aka Era of Vampire
Hong Kong. 2002.
Director – Wellson Chin, Screenplay/Producer – Tsui Hark, Photography – Joe Chan, Kwong Hong, Sunny Tsang Tet Sze & Herman You Lai To, Music – J.M. Logan, Visual Effects – Cinefex Workshop Co Ltd (Supervisor – Koan Hui), Makeup Effects – Dominion (Supervisors – Logan & Michael Shelton), Production Design – Vincent Chow. Production Company – Film Workshop Co/Hark & Co Ltd/The Vampires Co Ltd.
Ken Chang (Thunder/Hei), Michael Chow (Rain/Fat), Lam Suet (Wind/Kung), Chan Kwok Kwan (Lightning/Choi), Anya (Sasa), Yurong Gwang (Master Jang), Horace Lee Wai Shing (Dragon Tang), Ji Chun Hua (Master Mao Shan), Zou Na (Ling), Chan Koon Tai (Zombie Wrangler)
A group of monks pursue zombies and vampires. They follow the trail to the house of Jang where they are mistakenly taken on as workers during the wedding of Master Jang’s son’s to Sasa. On his wedding night, Master Jang’s son is bitten and killed by a snake. Sasa has really been sent by her brother Dragon to steal the gold hidden in the Jang house. Dragon uses a magician to call the preserved bodies of the Jang ancestors in the house back to life in order to create confusion so that he and his men can get in and steal the gold. At the same time, the heroes must deal with the king vampire who has risen in the forest.
Tsui Hark is one of the legends of Hong Kong cinema and Vampire Hunters was one of his films. At least, that is what the video releasing company wants to fool people into believing. To be fair, Tsui Hark wrote and produced the film and is substantially involved creatively but the real directing chores were handled by Wellson Chin. However, on the dvd cover, Wellson Chin’s name has been hidden amidst the credits and Tsui Hark’s boldly emphasised in order to fool anybody who fails to look too closely. Wellson Chin is a director previously known mostly for energetic Hong Kong slapstick films.
Vampire Hunters is a return to the Wu Xia genre that Tsui Hark has been strongly identified with – his Zu: Warriors from the Magic Mountain (1983) is often credited with creating the fantastical martial arts/flying swordsman genre and he has directed other occasional efforts in the genre such as Green Snake (1993), Zu Warriors/The Legend of Zu (2001) and Detective Dee and the Mystery of the Phantom Flame (2010), not to mention produced classics such as A Chinese Ghost Story (1987), Swordsman (1990) and sequels to either. These days Tsui tends to work more as a producer than he does as a director.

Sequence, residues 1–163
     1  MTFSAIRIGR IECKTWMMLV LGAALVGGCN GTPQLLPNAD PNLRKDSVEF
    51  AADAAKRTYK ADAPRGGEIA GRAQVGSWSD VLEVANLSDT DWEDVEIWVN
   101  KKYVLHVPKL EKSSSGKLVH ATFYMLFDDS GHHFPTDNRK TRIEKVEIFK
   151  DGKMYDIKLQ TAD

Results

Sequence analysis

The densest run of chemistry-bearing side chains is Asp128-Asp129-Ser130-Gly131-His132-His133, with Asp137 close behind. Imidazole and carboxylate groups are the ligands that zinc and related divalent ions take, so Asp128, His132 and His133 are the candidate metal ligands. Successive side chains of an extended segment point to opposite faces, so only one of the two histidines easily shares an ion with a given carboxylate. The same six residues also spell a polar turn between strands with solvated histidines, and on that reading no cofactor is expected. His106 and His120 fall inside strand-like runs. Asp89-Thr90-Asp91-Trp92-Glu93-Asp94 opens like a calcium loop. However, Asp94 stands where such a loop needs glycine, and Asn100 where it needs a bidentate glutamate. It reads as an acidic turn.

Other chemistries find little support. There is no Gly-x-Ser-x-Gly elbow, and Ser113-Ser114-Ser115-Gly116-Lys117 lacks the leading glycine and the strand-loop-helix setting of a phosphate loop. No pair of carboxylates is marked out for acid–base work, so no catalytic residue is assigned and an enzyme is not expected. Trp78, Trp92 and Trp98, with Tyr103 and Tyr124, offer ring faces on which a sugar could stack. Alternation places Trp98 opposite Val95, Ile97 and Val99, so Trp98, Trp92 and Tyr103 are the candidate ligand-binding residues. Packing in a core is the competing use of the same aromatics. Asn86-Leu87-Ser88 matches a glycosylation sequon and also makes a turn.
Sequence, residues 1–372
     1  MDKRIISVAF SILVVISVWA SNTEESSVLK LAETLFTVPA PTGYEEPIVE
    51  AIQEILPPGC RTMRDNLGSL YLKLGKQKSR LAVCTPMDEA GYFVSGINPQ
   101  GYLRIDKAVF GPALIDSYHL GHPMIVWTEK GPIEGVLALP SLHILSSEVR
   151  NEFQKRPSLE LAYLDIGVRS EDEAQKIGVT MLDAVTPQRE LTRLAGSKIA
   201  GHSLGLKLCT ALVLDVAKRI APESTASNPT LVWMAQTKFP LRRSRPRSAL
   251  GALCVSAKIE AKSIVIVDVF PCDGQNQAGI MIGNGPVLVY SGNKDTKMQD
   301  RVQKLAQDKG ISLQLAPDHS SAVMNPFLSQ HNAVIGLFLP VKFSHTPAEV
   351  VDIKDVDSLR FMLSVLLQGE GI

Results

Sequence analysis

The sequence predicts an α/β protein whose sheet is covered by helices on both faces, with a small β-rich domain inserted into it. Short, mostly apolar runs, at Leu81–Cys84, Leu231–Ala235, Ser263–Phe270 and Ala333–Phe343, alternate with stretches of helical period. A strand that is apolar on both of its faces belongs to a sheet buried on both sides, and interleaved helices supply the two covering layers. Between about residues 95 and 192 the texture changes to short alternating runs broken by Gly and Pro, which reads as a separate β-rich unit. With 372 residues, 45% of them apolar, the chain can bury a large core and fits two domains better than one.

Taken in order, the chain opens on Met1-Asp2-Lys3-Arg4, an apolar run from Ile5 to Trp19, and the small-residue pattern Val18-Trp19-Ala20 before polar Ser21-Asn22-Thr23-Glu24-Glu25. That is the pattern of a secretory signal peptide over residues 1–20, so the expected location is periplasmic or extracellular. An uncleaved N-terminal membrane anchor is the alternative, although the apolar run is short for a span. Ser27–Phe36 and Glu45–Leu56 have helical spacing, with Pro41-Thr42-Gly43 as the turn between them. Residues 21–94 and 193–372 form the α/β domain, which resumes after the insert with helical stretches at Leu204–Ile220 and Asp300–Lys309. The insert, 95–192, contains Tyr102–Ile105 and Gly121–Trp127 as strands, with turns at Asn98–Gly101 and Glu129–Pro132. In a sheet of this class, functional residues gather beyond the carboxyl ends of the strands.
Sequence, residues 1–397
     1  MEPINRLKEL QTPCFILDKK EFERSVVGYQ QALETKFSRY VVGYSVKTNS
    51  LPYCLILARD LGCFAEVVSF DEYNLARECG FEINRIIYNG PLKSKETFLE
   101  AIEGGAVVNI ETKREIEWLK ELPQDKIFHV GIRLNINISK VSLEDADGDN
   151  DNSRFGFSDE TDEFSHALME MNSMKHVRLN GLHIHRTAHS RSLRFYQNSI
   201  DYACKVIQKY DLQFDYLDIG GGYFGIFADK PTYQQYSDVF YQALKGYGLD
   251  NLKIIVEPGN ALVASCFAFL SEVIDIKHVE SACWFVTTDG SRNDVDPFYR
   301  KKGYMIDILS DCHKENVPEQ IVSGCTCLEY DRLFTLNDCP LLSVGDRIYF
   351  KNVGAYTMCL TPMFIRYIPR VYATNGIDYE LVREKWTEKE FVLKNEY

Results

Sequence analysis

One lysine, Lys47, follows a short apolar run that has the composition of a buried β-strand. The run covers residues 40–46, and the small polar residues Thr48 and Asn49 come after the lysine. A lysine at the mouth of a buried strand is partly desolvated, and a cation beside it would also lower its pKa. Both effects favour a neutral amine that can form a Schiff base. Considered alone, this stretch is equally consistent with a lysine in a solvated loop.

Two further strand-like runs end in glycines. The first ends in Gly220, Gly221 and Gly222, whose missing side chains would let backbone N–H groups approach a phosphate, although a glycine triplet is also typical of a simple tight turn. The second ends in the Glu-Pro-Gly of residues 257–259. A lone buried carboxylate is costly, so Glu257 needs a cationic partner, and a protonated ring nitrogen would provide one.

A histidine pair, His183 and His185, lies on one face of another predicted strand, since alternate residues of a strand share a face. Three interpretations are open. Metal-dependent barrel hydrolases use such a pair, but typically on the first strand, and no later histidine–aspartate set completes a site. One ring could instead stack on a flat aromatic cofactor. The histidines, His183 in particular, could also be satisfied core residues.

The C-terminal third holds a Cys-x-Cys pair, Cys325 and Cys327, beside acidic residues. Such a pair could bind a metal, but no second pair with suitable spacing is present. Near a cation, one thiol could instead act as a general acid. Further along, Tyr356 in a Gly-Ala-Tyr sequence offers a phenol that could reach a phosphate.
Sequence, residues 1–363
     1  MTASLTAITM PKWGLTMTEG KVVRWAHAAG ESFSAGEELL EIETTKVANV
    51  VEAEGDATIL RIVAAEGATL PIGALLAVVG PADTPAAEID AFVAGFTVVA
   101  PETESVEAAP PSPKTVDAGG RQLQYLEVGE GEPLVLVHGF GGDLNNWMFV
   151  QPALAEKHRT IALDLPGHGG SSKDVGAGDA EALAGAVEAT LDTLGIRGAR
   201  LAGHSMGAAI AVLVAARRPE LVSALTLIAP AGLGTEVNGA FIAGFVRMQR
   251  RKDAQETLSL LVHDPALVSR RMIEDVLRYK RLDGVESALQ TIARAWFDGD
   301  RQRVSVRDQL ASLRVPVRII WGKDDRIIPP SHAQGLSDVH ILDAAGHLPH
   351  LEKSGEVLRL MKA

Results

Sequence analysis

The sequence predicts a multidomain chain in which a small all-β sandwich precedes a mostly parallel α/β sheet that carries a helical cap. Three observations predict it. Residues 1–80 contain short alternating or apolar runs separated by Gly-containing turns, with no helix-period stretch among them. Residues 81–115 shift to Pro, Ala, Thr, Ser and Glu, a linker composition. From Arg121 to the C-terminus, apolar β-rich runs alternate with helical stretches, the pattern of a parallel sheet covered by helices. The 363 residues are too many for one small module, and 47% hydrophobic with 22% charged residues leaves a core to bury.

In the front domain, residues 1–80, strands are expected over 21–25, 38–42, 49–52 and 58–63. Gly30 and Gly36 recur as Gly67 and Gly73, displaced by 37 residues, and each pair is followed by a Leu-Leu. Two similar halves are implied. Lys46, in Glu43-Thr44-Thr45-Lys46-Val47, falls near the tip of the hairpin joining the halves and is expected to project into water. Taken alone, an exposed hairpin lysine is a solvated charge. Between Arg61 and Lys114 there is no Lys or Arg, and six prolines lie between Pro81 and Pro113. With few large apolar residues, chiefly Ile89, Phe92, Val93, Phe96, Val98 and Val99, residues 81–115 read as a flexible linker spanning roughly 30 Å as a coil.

Vampire Hunters is disappointing. Maybe it is that Tsui Hark seems to be slowing down in his output, maybe it is that he has employed a comedy director to helm the film – it’s not quite clear. There is a promisingly demented opening involving zombies flying through the air dragging soldiers behind them as they try to corral it with chains, and victims having their blood and lifeforce sucked out through their eyeballs. However, the film only periodically opens out into the kind of visual lunacy and acrobatics expected of the genre – when it does, it fails to seem that inspired, even less when it tries to slow down for some silly and girlish (but at least mercifully brief) romantic scenes. Moreover, Tsui Hark delivers an incoherent screenplay where it is not always clear why the various parties are trying to do what they are doing.
The film has certainly been designed with some lavish costumes and sets. Interestingly, Wellson Chin has chosen to eschew the bright pastel colours of Wu Xia films in favour of earth colours. His teams of heroes and villains are not heroically stylised but come with the seams left on – they are pudgy, unshaven and don’t necessarily have handsome faces. The film builds to a moderately entertaining climax featuring the heroes trying to attack the giant king vampire with chains and explosives while it breathes fire. The film itself is a disappointment.